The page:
Steam systems were all originally coal fired. Thus, the systems were designed for a coal fire. But in the 1950s oil burners came in to use. Oil burners let the Missus of the house finally drop the coal shovel, and one by one coal fired boilers were converted to oil. She was thrilled. But the steam system not so much. You see, an oil burner is a very different proposition from a coal fire. The coal fire was constant. The oil burner (and later gas) burner cycled on and off. Usually once every hour during mid-winter. This change required a complete transition in the way the system vented itself. But for the most part that change never occurred. Why? See #1 above. They were all dead, remember? Who was around to care?
Those old steam guys were pretty clever. You see, they knew that when water became steam it expanded in volume 1700 times. They also knew that water at atmospheric pressure boils at 212º. But with negative pressure (a vacuum if you will) water can be made to boil with a temperature as low as 180º and still make steam. Very efficient. And very clever, as I say. So the systems were designed to operate in a vacuum. The steam went into the radiators at 1700 times the volume of water and once it got there it condensed. Which created a vacuum. Viola! Very high efficiency.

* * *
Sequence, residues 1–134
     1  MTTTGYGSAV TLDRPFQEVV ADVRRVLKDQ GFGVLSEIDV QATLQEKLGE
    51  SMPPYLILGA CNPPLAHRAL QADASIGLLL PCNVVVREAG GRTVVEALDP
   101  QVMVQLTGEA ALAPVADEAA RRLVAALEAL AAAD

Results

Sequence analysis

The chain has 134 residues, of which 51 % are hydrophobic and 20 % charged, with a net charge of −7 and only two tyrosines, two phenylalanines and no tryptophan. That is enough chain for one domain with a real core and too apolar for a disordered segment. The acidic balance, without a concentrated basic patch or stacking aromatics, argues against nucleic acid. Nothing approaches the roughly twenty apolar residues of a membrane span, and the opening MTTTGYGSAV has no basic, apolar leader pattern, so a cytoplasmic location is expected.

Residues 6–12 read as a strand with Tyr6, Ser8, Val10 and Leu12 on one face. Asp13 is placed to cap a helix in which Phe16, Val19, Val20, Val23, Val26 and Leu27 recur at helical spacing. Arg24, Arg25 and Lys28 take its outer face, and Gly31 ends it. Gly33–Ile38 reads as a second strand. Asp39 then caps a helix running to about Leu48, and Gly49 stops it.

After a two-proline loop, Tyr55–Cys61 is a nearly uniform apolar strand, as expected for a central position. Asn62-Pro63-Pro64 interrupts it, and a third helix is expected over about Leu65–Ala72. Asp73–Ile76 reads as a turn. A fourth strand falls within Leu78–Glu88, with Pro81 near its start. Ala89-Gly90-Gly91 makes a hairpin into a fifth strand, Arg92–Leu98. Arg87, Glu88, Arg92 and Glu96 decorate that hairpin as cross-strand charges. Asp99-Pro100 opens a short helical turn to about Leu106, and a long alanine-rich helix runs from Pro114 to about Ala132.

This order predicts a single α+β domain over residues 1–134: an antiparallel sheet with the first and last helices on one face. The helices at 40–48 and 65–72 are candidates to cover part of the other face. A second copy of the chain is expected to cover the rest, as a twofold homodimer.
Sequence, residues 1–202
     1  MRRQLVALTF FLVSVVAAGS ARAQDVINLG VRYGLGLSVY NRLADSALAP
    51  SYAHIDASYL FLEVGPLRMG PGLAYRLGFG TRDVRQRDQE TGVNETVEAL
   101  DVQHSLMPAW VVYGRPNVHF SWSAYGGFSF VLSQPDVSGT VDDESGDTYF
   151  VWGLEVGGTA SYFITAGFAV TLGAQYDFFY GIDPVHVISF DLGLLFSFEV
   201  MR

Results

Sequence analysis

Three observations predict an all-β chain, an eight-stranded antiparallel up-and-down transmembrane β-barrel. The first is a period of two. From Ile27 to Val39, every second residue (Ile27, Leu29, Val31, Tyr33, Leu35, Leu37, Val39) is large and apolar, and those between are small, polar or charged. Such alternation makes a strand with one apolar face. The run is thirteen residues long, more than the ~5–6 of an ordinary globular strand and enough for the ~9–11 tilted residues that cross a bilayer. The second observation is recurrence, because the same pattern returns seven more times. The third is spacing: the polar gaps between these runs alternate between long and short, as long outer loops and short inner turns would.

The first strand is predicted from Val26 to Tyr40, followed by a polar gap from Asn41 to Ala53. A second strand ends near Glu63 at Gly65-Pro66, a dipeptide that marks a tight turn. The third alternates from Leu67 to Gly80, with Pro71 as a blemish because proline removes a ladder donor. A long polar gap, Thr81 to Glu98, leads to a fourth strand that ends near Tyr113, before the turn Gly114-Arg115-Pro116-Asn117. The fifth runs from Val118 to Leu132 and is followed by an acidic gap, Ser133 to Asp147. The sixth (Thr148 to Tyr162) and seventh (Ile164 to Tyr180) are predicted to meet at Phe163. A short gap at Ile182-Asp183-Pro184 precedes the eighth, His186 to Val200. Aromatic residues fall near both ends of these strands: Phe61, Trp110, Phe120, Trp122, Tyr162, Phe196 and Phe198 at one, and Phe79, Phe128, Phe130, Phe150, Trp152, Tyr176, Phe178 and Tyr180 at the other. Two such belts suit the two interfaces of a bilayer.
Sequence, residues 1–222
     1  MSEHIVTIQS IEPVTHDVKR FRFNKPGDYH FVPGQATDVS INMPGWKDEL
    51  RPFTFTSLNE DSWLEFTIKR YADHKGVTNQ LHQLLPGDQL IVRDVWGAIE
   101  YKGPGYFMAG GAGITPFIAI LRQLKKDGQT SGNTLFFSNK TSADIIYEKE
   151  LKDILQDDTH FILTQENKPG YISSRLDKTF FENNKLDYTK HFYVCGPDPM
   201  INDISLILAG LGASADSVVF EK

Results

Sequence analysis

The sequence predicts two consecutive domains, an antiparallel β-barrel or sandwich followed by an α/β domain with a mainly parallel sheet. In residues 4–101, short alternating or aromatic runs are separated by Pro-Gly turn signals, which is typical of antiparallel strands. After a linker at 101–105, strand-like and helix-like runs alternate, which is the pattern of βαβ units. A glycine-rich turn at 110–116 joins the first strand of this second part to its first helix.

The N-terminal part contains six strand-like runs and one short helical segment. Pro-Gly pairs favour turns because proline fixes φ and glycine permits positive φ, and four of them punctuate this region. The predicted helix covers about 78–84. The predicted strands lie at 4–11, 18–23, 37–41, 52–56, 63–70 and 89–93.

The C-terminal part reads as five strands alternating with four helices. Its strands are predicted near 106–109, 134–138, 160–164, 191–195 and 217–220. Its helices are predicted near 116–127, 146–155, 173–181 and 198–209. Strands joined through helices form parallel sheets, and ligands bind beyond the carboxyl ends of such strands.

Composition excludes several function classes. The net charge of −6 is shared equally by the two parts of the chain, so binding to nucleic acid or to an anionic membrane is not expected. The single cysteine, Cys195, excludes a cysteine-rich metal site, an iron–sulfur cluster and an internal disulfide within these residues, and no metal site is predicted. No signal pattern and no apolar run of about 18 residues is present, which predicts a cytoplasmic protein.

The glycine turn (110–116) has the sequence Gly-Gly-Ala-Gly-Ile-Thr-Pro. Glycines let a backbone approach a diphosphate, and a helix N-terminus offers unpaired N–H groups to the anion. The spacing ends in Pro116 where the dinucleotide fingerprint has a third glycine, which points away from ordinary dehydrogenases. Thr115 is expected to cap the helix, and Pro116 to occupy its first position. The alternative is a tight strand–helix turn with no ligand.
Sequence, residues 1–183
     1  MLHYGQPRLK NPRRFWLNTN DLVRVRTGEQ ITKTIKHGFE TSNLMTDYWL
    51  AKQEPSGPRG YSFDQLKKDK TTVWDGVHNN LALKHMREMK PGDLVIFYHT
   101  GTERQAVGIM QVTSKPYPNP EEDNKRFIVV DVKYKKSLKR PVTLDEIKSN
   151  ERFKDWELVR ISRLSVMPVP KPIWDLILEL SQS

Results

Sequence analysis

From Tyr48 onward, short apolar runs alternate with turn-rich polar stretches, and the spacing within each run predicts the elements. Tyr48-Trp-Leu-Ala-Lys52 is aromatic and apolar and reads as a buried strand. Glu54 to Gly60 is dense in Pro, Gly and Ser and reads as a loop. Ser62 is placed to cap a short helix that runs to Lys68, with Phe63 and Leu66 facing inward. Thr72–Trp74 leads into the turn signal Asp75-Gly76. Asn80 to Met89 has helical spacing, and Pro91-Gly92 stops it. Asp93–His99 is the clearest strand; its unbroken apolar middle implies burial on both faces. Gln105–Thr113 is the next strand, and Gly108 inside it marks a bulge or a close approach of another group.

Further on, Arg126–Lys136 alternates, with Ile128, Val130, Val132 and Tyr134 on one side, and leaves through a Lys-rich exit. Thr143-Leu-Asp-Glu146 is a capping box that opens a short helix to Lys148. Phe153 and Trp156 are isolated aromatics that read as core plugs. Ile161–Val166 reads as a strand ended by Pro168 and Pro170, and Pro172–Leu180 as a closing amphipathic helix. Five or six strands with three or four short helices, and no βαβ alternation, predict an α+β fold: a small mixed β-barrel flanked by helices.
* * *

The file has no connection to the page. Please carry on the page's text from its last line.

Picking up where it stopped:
But what happens when we replace coal with an oil burner? The burner shuts off every hour remember? So what happens to the vacuum when the burner shuts off? Well, it’s lost of course. Most of the time it’s lost before it could ever form a vacuum in the first place. Simply put, steam systems can no longer operate in a vacuum with modern burners. That’s long gone. But those old vents are not. And they make absolutely no sense with a modern burner. The main issue with them is their size: much too small.
Picture your steam system when the boiler is not running. All those miles of piping and all those great big radiators are filled with air aren’t they? Therefore, when the boiler fires, all that air needs to get out of the pipes and radiators so that the steam can get in and replace it and begin to heat the home, right? They didn’t need big vents in the coal days: who cared if it took an hour or two to get the air out? The fire was lit in the fall, the air was eventually chased out, and because the fire remained lit, the air stayed out until spring. Six months of air-free vacuum.
But now our burner comes on and shuts off every hour. Which means every hour of every winter the burner fires and consumes fuel for the first half of the heating cycle and the only thing it accomplishes during this time is to get the air out. In a way it’s like saying your steam pipes are clogged (with air), and the clog is preventing the steam from getting to the radiators quickly and to each of them at the same time so the heating is balanced. Those tiny little coal vents on the returns in the basement are woefully inadequate for a modern system. And they are costing you a lot of money.